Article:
How far has the new performance developed in your mind?
“I try not to have an idea before, I take more risks, I can’t tell you what is going to be the next performance, just that I have chosen the music. When I get back to Paris, I will start rehearsal, to work with the people, but I don’t want to have an idea before because generally I find that the idea you have beforehand, when you come to re-write, that is the idea you take out. It is better to have the idea when you are working with the people, and with the horses.”
And there are many new horses in the next production?
“Maybe more than twenty new horses. It means there is going to be a lot of risk because you don’t know how the new horses will react.”
Also with recorded music, the orchestra cannot take care of you?
“This is the big problem. If there is an accident, the music doesn’t stop. That’s one of the challenges to see if it is possible to be so precise with horses like dancers. This is going to be one of the questions. I am also worried about the horses, it is very easy for them to learn the movements by heart – it is going to be worse with the music exactly the same. The horse is going to memorise it very quickly.”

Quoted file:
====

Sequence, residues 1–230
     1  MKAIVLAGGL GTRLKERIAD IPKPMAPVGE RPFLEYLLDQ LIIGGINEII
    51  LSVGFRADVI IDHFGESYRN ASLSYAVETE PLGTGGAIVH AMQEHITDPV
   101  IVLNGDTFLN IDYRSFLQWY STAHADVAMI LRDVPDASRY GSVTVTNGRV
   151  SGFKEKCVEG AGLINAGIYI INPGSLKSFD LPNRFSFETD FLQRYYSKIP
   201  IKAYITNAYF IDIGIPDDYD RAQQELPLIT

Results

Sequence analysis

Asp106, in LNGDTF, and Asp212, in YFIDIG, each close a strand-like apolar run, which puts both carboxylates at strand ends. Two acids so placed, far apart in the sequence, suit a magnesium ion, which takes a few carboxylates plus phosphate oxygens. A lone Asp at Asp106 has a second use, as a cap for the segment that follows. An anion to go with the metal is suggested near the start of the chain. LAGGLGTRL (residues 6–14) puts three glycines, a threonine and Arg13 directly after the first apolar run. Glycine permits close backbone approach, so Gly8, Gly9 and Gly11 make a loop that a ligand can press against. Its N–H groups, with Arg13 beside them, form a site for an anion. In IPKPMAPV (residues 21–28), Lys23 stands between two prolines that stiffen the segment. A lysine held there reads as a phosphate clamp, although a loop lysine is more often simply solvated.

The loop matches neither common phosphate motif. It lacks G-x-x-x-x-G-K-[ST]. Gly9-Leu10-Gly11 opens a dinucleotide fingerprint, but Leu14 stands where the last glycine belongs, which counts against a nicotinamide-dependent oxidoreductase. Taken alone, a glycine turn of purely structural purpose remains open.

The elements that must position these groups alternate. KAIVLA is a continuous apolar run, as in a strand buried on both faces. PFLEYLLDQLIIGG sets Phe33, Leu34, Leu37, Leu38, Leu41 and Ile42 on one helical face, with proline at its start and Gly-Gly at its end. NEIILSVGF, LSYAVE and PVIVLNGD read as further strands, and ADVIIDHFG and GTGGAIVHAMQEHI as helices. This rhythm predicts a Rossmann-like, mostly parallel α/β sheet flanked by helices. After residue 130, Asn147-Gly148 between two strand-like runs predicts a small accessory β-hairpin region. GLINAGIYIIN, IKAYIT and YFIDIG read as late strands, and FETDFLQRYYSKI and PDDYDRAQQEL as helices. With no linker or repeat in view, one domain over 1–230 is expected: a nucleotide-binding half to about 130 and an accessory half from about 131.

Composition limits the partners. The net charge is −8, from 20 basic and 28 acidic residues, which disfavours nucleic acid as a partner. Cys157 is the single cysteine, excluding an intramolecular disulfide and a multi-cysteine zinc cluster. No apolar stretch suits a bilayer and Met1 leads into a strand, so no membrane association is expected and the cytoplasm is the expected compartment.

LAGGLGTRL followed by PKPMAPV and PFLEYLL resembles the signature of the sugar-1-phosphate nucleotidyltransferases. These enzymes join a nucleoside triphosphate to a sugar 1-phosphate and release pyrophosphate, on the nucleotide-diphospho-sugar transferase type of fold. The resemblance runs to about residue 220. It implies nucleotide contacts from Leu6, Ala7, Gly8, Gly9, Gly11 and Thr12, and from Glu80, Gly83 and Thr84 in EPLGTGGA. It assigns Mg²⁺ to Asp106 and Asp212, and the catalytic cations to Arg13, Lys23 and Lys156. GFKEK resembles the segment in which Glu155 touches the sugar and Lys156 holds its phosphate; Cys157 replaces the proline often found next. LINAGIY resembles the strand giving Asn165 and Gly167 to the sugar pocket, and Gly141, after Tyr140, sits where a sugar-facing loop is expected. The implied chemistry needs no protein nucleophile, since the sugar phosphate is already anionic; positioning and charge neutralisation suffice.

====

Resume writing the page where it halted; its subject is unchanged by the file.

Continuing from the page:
Was there any particular reason you went to Stravinsky?
“Many reasons. Firstly, this piece ‘Rites of Spring’ is really important because it is the only music I feel is for animals, for horses, because there is a power inside, and the theme is going to be interesting. It is not going to be between the man and the woman, but between the people who have horses, and who have no horses, and the balance of that.”
You will be using dancers?
“Seven people from Kerala in the south of India will work with us, I have been there and chosen them already. They are not dancers – they are fighters. It is a martial art, but I am going to use them like dancers. It is interesting, it is the origin of all the martial arts in the world. It is work that relates to animals, the same as with Kung Fu. They have many weapons, but I will not use them, only the movements, and they are based on the original observation of the animals.”
To do a show without Zingaro is going to be very different?
“Yes, of course. But he is still behind us, maybe if I choose a music, there is a reason… ”
In the town of Namur we found a wonderful collection of poems by André Velter, entitled ‘Zingaro suite équestre’, illustrated by Ernest Pignon-Ernest. The poems celebrate each of the productions of the Theatre Zingaro. They are all wonderful poems, but it is the last in the book that I wish to quote from, as a farewell to Zingaro, the horse. I am sorry that my French is not good enough to attempt a translation…
je te nomme maître de l’éphémère
toi le gardien du nom
tui l’emblème des insolences
toi le mastodonte farceur qui joue
à la bête mythologique
et prend plaisir à étirer le temps quand on te fête comme une idole